Google’s Duncan Laurie converted “WTM2″ motherboard in Coreboot to having Broadwell SoC support. WTM2 is short for Whitetip Mountain 2 and is Intel’s codename for one of their consumer reference board (CRB) designs, which is what’s sampled and tested by Intel’s partners such as Google.

  • Docker to Gain New Ground in 2015, After Taking Center Stage in 2014

    Prior to 2014, Docker was not well-known, but that all changed over the course of the year. The open-source Docker container virtualization project got its start in March 2013, and in 2014 hit its full stride, achieving its 1.0 release milestone and the embrace of many of the world’s leading IT vendors.

  • 3 REASONS WHY OPEN SOURCE MEANS BETTER SECURITY

    By leveraging open source software and establishing best practices to protect this data at an ongoing rate, these agencies can take a cue from the private sector and enjoy a sense of trust in the way they store and collaborate on private data.

  • The power of open source in 2015

    Today, it is almost impossible to name a major player in IT that has not embraced open source. Only a few short years ago, many would have argued we would never see that day. Many of us remember the now infamous “Halloween Documents,” the classic quote from former Microsoft CEO Steve Ballmer describing Linux as a “cancer,” and comments made by former Microsoft CEO Bill Gates, saying, “So certainly we think of [Linux] as a competitor in the student and hobbyist market. But I really do not think in the commercial market, we’ll see it [compete with Windows] in any significant way.”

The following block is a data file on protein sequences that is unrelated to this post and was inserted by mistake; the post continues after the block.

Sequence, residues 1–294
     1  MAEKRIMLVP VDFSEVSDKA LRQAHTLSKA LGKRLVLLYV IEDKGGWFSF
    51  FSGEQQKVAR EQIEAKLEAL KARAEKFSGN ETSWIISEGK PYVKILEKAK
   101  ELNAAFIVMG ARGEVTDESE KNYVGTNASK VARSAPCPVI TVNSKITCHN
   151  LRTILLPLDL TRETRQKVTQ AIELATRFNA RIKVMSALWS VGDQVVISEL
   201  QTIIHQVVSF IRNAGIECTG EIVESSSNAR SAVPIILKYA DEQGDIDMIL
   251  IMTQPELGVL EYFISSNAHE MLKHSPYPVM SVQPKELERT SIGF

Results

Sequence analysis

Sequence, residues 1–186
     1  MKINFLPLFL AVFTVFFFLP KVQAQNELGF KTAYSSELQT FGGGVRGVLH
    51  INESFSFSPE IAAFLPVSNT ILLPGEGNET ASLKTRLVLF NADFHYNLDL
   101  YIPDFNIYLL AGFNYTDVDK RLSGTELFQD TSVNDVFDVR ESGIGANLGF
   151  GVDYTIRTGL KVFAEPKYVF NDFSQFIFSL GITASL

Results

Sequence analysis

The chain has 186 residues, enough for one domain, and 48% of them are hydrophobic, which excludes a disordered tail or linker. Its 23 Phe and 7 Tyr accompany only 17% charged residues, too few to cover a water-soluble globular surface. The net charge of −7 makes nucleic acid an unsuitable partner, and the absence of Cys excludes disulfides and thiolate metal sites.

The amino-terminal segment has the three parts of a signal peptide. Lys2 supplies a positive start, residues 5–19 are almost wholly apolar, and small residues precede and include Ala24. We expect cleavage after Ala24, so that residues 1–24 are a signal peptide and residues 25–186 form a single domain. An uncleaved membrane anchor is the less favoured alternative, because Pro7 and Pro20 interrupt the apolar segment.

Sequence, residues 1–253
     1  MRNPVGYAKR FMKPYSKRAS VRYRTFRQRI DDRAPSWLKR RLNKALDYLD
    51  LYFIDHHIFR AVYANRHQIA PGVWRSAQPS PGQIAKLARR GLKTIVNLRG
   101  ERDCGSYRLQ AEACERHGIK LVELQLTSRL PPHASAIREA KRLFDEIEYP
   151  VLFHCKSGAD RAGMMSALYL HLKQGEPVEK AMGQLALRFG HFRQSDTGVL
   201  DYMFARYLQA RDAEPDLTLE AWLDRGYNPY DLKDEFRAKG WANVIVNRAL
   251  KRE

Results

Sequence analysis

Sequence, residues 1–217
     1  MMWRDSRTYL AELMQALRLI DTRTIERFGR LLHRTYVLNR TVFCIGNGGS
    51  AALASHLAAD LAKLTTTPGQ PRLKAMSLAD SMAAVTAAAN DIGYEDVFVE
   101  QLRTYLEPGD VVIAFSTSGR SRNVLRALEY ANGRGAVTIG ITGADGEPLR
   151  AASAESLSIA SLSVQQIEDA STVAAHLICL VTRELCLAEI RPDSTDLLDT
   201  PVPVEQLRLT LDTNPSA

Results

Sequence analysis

• Creating and Using Barcodes with Free Software

    Producing the barcode itself is trivial in Inkscape — the leading Free/Open Source Software vector drawing application — ever since the extension became part of the standard distribution, with version 0.46. The current version supports several kinds of barcodes, including the UPC and EAN types.

  • Web Browsers

    • Mozilla

      • Why does the world still need the Mozilla Foundation?

        With its Firefox browser rapidly losing share, and its financial ties to Google finished, the Mozilla Foundation finds itself facing the most pivotal moment in its history since its founding more than a decade ago.

        “We’re utterly confident in our stability and viability going forward,” Mozilla chairwoman Mitchell Baker said in a recent interview with Stephen Shankland of Cnet.

        But just because the foundation can continue, does that mean it should?

        I think there is still an essential role on the web for a non-profit organization that can develop services that may not generate big profits, but where it would be valuable to have a more neutral player.

        But at the same time, at this moment, it’s difficult to say what Mozilla is doing that is so essential to the world.